Toto Albanese steals the show post-election as News Corp front pages flip-flop | Amanda Meade
Joto Albanese was the undisputed star of the front pages of the newspapers on Monday morning after his master Anthony Albanese won the election. The headline editors were inspired by the little white dog – who now has his own unofficial Twitter account. “Albanese Unleashed”, said the Courier Mail; “I’m Top Dog, Toto,” said the announcer; “Ruff and Ready,” said the Daily Telegraph; and “Top Dog Flies High,” said the Herald Sun, referring to the prime minister’s trip to Tokyo. The Aussie also featured Toto, but was a little more restrained with a simple ‘Albanese does it’ headline. The two town mastheads of Nine, the Age and the Sydney Morning Herald, which both backed Labor in editorials last week, picked out photographs from a coffee morning Albanese had with Sally Sitou, who won Reid for the ALP, and the community of Marrickville on Sunday morning.
For News Corp, Monday’s post-election front pages had a markedly different tone than those that had dominated the election campaign and were largely hostile to the then opposition leader: ‘PM warns of ‘vandal’ Albanese’ (The Australian), “Albanese an ‘inner city leftist bomb thrower’” (Telegraph), “Is Anthony Albanese really up to it? (Courier Mail), and “It’s not so Albaneasy” (Telegraph), which of course echoed the Liberals’ ad campaign, “It won’t be easy under Albanese”.
At the end of the week, a News Corp photographer was positioned outside Albanese’s house in Marrickville, paparazzi style, capturing the PM out of the blue in his pajamas picking up the newspaper at his door at 6.39am Photos of the disheveled Labor leader were circulated across the stable, in the Australian, the Telegraph, the Herald Sun and the Courier Mail on Friday, signaling that the spotlight is on his every move.
Seven Star survives the bus, then misses the plane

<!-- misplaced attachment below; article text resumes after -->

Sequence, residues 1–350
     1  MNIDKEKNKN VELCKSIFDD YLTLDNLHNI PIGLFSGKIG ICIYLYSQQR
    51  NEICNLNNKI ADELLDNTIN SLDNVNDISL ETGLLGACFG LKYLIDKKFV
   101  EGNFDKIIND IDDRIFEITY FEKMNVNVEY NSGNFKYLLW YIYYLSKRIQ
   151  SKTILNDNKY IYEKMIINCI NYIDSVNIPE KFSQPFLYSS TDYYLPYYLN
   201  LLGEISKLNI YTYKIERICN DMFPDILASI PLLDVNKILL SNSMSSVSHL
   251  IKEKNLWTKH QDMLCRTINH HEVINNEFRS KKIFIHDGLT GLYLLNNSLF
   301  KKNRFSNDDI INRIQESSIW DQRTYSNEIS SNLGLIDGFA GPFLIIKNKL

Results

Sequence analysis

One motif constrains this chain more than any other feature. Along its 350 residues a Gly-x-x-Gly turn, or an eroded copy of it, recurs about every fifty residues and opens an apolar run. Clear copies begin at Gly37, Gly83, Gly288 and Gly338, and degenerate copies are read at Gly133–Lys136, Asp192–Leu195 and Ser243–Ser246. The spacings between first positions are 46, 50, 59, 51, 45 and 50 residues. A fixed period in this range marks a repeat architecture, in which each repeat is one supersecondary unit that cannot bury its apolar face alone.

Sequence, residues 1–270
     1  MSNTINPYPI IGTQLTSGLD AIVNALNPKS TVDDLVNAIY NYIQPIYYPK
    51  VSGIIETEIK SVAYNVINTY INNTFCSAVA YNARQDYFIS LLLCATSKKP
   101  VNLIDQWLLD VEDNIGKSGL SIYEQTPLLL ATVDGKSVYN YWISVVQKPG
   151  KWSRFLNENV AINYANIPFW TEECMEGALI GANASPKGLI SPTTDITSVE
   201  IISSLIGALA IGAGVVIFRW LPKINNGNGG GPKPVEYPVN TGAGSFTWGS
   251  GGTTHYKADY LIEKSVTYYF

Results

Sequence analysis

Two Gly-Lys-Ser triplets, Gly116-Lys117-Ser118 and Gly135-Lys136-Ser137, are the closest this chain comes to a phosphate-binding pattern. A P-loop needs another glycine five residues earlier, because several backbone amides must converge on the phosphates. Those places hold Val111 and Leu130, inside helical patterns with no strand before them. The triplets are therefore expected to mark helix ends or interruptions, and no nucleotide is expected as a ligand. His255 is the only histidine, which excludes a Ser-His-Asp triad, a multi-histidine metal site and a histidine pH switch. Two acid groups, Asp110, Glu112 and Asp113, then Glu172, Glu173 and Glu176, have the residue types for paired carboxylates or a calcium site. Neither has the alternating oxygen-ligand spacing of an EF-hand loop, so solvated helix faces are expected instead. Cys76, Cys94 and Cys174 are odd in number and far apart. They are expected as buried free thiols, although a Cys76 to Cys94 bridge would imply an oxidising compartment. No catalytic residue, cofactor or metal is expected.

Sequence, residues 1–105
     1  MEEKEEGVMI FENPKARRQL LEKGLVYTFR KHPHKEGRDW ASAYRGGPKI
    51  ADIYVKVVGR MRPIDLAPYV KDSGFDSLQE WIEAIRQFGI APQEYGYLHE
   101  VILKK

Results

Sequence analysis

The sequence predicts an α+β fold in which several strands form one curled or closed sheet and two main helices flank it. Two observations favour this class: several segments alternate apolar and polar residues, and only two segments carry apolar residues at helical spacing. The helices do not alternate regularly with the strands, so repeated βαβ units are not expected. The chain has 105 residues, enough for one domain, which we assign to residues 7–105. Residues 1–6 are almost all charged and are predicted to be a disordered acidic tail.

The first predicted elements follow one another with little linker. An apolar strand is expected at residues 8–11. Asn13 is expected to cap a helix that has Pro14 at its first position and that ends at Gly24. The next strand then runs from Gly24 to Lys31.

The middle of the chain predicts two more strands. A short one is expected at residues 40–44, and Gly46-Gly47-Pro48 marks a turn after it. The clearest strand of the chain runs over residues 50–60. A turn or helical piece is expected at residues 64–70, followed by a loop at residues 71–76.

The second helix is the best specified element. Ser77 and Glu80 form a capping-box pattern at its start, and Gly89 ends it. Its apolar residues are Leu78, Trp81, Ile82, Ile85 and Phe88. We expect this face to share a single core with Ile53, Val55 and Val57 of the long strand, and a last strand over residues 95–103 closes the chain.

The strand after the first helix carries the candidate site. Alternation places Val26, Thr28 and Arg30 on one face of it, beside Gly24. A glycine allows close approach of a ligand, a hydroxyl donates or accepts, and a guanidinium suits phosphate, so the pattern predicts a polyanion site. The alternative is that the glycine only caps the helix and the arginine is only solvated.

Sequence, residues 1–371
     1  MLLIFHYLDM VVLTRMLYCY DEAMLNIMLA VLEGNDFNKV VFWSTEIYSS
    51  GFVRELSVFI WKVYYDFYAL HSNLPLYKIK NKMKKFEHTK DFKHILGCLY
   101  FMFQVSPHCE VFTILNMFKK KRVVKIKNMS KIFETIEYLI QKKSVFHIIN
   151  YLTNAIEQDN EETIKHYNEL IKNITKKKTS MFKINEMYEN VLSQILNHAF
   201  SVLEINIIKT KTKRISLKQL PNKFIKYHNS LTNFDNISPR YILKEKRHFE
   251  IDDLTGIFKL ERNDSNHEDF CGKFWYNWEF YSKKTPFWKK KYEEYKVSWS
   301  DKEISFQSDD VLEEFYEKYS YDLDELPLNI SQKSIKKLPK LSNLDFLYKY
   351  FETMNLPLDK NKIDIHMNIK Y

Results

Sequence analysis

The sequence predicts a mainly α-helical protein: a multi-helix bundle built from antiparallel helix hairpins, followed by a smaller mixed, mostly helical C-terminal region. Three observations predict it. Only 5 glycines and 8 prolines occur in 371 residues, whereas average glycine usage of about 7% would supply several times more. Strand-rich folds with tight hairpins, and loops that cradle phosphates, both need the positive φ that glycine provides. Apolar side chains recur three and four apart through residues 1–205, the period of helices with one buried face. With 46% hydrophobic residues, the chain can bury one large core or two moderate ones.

There weren’t many reporters from the Canberra Press Gallery who committed to be on the campaign buses for the full six weeks, but Seven’s political editor Mark Riley chose the grueling regime and followed the two leaders as they crossed the country. Along the way, reporters and cameramen dropped like flies around him as they descended with Covid – as did Albanese himself. Riley stopped by to host the third leaders’ debate and then Saturday’s election night coverage. On Sunday morning he had to take a PCR test at the Commonwealth Government offices in Sydney in order to travel to Japan with Albanese and Penny Wong, which he did before returning to Canberra.
Riley told Weekly Beast he had developed a cough throughout the day and was making crosses live on the national 6 p.m. newscasts from outside parliament he was told the PCR was positive and that he had to self-isolate for seven days. “I had a fever shock last night. Pretty crook today. Better to get it now, though, than last week, I guess. It would have been a disaster. The Japanese ambassador helped Seven out, rushing in a visa for her colleague Rob Scott to take her place.
Hildebrand admits to being wrong (sort of)
It was fun to watch rusty Coalition supporters, particularly at Sky News, react to the crushing loss, including Paul Murray on Sunday night telling viewers: ‘Welcome to the first meeting of the new resistance’ and Rowan Dean, Spectator editor and Outsiders co-host, having what can only be described as an on-air meltdown. “Now we are faced with a hard-line left-wing government that is going to destroy the fabric of this nation,” Dean said, accusing Scott Morrison of “betraying his conservative base.”
Ahead of the election, News Corp columnist and Sky News presenter Joe Hildebrand was convinced that the Teals, or as he called them, the “multi-million dollar vanity project of the self-proclaimed climate crusaders in the wealthiest suburbs of Melbourne and Sydney” would fail at the polls.
It “is entirely possible that for all the millions of dollars poured into this campaign by billionaire heir Simon Holmes a Court and other wealthy donors, the Teals will not in fact win a single seat,” Hildebrand wrote the last week.
After the election, to give him his due, he admitted that he had made a mistake. “I happen to be much more in touch with the mood of the mainstream Australian electorate than the political whims of the eastern suburbs and Bayside millionaires. Very happy to take that.
The Australian Financial Review, which backed the Coalition in its pre-election editorial, made a sort of admission this week, saying in an aside that it may have been out of touch with its own well-heeled readers.